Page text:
JUST days after Theresa May’s U-turn on social care policy knocked the Tory election campaign off course, a small group of performing arts graduates were in the final stages of rehearsal for The Enchanted, the new production arriving at The Bunker this week.
The play, based on Rene Denfeld’s award-winning novel about a death row prison in America, doesn’t seem like the most obvious fodder for UK political commentary, but director Connie Treves says audiences might be surprised by what they draw from it.
“At the most basic level, UK audiences are still interested in the concept of the death penalty, and it’s important to recognise that it does still exist in some countries,” she says.
But more broadly I think the play is so much about what leads people to commit the crimes that they do.”
“There’s a huge correlation between the abuses these men suffered as children and their actions later in life, which delivers an important lesson on the importance of the social care system and what can happen when it breaks down.”
The story follows two men awaiting execution in isolation. An investigator is working to save them; tirelessly drawing out their backgrounds and exposing the abuses that drove them to commit their crimes.
Rene Denfield published the book in 2014 based on her own experiences as a death penalty investigator, which raised the stakes somewhat for Connie and her mother Joanna in adapting the story for the stage.
“When I found out we got the rights, my first thought was that it was such difficult content to work with,” she says.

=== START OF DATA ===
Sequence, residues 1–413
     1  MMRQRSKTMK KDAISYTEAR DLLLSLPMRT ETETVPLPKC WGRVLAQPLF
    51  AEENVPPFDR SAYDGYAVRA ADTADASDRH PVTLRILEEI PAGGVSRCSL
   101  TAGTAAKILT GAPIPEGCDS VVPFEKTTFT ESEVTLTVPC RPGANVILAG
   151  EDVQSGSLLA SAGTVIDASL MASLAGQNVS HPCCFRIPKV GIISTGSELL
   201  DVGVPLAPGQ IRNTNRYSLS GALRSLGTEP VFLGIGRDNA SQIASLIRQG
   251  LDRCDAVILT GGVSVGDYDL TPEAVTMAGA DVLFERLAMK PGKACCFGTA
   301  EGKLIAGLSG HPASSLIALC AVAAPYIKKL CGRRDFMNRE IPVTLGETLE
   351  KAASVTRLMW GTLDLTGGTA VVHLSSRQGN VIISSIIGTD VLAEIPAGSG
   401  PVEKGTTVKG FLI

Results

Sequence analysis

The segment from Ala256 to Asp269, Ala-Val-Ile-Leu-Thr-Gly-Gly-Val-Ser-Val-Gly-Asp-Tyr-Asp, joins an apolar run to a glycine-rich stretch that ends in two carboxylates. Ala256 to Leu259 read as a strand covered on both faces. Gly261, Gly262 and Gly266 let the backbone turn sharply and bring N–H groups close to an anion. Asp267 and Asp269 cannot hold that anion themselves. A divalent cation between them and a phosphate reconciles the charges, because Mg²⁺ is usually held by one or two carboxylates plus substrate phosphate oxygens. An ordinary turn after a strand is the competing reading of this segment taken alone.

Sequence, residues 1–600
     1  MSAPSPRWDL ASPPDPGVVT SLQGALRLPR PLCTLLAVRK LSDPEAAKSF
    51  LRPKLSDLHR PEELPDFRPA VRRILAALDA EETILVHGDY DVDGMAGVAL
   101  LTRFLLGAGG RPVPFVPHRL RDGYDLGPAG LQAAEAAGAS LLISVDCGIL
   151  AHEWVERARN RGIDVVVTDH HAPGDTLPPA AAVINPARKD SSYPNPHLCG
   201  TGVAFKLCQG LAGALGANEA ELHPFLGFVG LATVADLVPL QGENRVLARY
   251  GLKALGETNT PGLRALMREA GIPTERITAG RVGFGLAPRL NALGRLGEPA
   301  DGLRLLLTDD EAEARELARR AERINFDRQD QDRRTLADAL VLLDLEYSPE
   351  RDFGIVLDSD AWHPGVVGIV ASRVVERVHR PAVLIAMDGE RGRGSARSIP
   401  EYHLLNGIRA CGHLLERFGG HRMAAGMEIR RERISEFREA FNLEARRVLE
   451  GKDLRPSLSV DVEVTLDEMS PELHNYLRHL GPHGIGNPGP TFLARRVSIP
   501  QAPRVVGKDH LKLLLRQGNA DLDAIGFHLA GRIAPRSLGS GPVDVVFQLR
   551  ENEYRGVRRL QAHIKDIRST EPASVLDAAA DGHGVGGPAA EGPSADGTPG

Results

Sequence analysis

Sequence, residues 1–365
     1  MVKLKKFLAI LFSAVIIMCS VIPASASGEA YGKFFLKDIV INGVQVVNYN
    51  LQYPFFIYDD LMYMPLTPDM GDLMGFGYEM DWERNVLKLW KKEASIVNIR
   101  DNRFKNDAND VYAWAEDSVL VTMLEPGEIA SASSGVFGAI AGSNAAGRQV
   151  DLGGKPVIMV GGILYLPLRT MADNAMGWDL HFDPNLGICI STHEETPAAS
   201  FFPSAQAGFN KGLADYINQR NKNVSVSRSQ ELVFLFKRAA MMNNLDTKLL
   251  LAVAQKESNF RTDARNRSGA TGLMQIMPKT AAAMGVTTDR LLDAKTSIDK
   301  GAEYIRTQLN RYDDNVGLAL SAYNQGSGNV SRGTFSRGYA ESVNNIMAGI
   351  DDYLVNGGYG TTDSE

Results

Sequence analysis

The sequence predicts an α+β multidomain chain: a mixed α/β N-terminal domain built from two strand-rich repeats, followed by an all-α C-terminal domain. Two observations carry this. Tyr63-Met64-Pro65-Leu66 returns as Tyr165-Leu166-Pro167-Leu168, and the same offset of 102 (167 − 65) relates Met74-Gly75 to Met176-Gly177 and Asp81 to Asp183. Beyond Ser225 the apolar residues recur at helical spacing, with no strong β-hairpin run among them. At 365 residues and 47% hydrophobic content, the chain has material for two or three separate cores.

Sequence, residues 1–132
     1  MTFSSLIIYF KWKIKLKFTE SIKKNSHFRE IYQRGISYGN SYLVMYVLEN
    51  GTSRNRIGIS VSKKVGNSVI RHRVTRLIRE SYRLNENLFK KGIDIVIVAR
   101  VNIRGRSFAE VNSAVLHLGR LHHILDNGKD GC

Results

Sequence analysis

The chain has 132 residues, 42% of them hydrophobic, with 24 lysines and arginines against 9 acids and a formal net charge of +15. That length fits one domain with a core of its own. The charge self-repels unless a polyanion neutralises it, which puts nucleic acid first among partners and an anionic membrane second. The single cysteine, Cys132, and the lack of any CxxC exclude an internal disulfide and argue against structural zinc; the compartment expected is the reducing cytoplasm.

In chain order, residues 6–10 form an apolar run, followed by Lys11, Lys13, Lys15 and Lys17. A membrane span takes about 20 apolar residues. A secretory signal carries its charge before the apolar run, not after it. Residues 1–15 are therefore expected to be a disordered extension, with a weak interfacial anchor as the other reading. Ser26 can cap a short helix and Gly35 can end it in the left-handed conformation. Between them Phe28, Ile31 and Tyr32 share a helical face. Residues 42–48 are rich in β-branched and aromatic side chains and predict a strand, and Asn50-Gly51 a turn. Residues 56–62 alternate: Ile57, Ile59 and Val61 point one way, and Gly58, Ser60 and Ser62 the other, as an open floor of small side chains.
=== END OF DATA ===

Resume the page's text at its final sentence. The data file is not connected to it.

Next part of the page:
“Rene was completely immersed in this world of capital punishment whereas I’m not even from America and have no experience with their penal system, so it was difficult.”
“We’ve ended up using all her language as we didn’t want to lose the lyricism of the novel, but it was a case of recognising the links between all these different narratives in the book and establishing a through line for the play.”
The Enchanted debuted at Edinburgh Fringe last year, where it received a resounding tick of approval from the author herself as well as audiences.
“It was absolutely fantastic to get the response we did in Edinburgh, particularly when we were so concerned with doing the story justice for Rene.
“It’s not exactly a light watch, it takes audiences a lot to really sit and engage with the content but to have people come up afterwards and actually thank us for it felt pretty amazing.”
“I hope all our audiences can see beyond the dark subject matter and find a hopeful energy in our capacity to intervene in these patterns of abuse.”